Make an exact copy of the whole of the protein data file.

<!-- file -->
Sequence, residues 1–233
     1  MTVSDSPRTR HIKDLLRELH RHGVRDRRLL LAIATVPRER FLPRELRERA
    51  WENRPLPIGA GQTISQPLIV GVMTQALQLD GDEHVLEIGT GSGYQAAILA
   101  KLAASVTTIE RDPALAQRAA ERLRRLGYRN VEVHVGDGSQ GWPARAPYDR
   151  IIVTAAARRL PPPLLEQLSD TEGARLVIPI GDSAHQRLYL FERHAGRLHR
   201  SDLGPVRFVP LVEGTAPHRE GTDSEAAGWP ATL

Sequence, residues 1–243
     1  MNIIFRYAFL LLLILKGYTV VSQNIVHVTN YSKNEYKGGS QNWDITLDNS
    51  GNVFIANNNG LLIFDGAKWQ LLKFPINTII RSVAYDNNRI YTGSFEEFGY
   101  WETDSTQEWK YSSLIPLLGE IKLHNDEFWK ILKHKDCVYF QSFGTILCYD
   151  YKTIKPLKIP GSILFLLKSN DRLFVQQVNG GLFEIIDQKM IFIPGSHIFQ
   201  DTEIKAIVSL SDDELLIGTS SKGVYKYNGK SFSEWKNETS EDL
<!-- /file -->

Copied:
Sequence, residues 1–233
     1  MTVSDSPRTR HIKDLLRELH RHGVRDRRLL LAIATVPRER FLPRELRERA
    51  WENRPLPIGA GQTISQPLIV GVMTQALQLD GDEHVLEIGT GSGYQAAILA
   101  KLAASVTTIE RDPALAQRAA ERLRRLGYRN VEVHVGDGSQ GWPARAPYDR
   151  IIVTAAARRL PPPLLEQLSD TEGARLVIPI GDSAHQRLYL FERHAGRLHR
   201  SDLGPVRFVP LVEGTAPHRE GTDSEAAGWP ATL

Sequence, residues 1–243
     1  MNIIFRYAFL LLLILKGYTV VSQNIVHVTN YSKNEYKGGS QNWDITLDNS
    51  GNVFIANNNG LLIFDGAKWQ LLKFPINTII RSVAYDNNRI YTGSFEEFGY
   101  WETDSTQEWK YSSLIPLLGE IKLHNDEFWK ILKHKDCVYF QSFGTILCYD
   151  YKTIKPLKIP GSILFLLKSN DRLFVQQVNG GLFEIIDQKM IFIPGSHIFQ
   201  DTEIKAIVSL SDDELLIGTS SKGVYKYNGK SFSEWKNETS EDL